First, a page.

That, too, is what Jesus asks of us. And as Tiny Tim might say, “May God bless us, everyone,” at this precious time of the year, and always.
Sunday, November 28, 2021
Jesus lived long before the advent of social media, or even computers, but is there anything we can learn from him regarding how to deal with these wonders of our own era?
If Jesus is our teacher, guide, and Master, we can find many useful lessons for our lives today in his teaching and example.
Social media can be, and is, a great benefit. We stay connected with family members, friends and co-workers, often years after they're no longer living near to us; we keep up with current events in our communities, our nation, and around the world, and we meet and interact with people from around the world whom we would never have met without social media.
But social media also has a well-known destructive side.
We can become addicted to staring at laptop and smartphone screens. We can become disconnected with the people who are ACTUALLY around us. And we can misuse this great gift in many new and harmful ways.
It's often easy to say hurtful things, safely hidden behind a screen, that we'd never say in person.
And perhaps one of the most damaging aspects of social media use is that it can portray others' lives as perfect, which leads us to feel bad about how our own lives measure up.
Jesus spoke of the hypocrites of his day among the Pharisees, saying: "You are like whitewashed tombs, which look beautiful on the outside but on the inside are full of the bones of the dead and everything unclean." (Matt. 23:27)
Jesus therefore calls us to not bear false witness, or put on a false facade to others while on social media.
And what of the content we consume on social? It's been said of computer programming, "Garbage in, Garbage out." Many years before this saying, Jesus spoke of what we put into our hearts.
"The good person out of the good treasure of his heart produces good, and the evil person out of his evil treasure produces evil, for out of the abundance of the heart his mouth speaks." (Luke 6:45)
We are called by our Master to absorb good treasures, treasure that lasts an eternity, and ones that bear good fruit in the here and now.
"Do not store up for yourselves treasures on earth, where moth and rust destroy, and where thieves break in and steal. But store up for yourselves treasures in heaven, where moth and rust do not destroy, and where thieves do not break in and steal. For where your treasure is, there your heart will be also." (Matt. 6:19-21)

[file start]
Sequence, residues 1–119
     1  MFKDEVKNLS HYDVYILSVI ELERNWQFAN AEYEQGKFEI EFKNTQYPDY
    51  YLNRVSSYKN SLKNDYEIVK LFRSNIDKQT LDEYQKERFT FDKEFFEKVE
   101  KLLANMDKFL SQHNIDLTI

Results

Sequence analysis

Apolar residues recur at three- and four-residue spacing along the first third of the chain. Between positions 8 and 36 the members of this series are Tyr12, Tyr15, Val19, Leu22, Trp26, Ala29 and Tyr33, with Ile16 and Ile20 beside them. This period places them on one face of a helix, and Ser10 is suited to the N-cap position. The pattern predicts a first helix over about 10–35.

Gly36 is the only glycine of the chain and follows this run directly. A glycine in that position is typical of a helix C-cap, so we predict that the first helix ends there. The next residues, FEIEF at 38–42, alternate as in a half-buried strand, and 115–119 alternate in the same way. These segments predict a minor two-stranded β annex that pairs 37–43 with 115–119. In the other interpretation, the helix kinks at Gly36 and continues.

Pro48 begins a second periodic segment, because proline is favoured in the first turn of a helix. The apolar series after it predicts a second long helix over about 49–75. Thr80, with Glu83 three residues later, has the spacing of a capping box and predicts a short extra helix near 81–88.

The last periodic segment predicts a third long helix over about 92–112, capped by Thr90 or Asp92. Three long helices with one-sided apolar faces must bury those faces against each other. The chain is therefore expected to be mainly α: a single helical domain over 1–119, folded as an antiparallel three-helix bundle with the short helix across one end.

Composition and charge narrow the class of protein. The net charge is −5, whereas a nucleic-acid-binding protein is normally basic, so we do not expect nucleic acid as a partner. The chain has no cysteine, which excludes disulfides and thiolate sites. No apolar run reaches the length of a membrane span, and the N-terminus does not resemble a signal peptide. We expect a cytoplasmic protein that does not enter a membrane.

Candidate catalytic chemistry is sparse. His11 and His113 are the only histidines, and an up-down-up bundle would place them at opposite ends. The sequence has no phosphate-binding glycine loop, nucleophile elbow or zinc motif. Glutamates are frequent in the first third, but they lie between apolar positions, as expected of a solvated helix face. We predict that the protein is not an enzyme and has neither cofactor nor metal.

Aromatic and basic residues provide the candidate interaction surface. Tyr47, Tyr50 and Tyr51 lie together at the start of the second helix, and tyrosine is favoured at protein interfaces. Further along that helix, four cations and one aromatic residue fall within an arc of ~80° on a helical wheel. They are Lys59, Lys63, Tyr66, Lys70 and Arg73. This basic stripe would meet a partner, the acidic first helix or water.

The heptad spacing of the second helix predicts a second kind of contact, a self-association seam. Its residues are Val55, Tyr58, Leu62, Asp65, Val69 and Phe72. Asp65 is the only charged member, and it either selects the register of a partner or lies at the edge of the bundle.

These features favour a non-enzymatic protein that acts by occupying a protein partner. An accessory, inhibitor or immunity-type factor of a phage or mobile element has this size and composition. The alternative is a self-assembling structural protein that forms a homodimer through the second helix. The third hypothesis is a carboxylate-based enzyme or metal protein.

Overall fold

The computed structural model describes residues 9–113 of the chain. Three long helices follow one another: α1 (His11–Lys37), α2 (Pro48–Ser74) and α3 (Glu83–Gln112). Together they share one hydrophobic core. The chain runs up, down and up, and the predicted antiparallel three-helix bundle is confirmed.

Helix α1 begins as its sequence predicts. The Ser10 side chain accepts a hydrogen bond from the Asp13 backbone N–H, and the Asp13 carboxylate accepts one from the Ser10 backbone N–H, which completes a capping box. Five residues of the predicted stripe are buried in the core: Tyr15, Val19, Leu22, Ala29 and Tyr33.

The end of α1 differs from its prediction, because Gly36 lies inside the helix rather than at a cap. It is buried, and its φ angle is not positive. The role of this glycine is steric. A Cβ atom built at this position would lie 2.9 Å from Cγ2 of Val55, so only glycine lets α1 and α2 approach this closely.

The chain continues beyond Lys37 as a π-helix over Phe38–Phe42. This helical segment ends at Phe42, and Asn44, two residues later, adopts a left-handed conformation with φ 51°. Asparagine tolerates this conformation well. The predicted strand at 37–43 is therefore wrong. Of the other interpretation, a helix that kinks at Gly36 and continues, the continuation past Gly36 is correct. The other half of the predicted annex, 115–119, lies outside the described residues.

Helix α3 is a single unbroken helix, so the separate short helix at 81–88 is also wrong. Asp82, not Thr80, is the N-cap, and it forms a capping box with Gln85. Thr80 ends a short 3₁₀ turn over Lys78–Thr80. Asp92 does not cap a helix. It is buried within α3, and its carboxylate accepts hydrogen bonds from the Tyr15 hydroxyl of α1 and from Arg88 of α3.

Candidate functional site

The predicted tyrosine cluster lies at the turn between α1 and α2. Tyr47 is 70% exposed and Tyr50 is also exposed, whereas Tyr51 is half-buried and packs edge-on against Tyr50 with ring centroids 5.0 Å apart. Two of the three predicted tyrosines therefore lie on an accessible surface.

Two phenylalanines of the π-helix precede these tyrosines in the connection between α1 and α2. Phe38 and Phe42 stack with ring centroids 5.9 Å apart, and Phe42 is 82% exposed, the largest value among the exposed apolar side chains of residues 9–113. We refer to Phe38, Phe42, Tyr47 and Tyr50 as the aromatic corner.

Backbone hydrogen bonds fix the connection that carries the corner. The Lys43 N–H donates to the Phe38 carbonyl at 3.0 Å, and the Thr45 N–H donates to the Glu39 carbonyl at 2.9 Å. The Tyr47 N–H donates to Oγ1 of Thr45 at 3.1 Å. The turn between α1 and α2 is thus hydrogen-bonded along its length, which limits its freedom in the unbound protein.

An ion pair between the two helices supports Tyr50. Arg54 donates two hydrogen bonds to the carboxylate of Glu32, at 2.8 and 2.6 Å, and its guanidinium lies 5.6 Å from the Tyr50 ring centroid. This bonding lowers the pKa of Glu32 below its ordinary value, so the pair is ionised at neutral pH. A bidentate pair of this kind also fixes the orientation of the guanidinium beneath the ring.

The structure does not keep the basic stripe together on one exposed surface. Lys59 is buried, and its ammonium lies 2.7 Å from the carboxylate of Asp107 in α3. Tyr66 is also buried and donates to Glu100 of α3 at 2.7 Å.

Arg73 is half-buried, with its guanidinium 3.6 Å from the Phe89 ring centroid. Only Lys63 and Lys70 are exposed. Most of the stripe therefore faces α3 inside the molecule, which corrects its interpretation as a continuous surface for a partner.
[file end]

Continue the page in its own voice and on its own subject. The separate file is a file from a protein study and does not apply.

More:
Our God-anointed Exemplar goes on to explain that what we SEE can put goodness or evil into our hearts:
"The eye is the lamp of the body. If your vision is clear, your whole body will be full of light. But if your vision is poor, your whole body will be full of darkness. If then the light within you is darkness, how great is that darkness!" (Matt. 6:22-23)
Jesus also calls us to serve and love our neighbors. This requires that we remain connected to the living, breathing people around us - friends, co-workers, family, neighbors, and even strangers that we encounter.
We can remain connected and reach out to them through social media, surely, but we ought not substitute a Direct Message or text for a comforting word and a helping hand.
Jesus calls us to perform righteous acts, in humility (Matt 6:1) feeding, clothing, comforting, visiting and actively engaging others - in person. (Matt. 25:35-36)
Jesus assures us that his teachings will last forever, and said if we truly love him, we will follow him, and do what he commands us to do.
Let's take his eternal teachings 20 centuries ago to heart when we use the wonderful gifts of our 21st century lives for the creation of the Kingdom Jesus says lives within us, and must come to pass on this earth through our acts in his name!
Sunday, November 21, 2021
The love and obedience of Christ Jesus is a very just foundation of God’s divine grace, and the most proper way to communicate it, and our redemption by Christ Jesus will stand in a just, clear, and beautiful light, if we consider that truth, virtue, righteousness, being useful, and doing good, (of which is the same thing as obedience to God) is the chief perfection of our intellectual nature.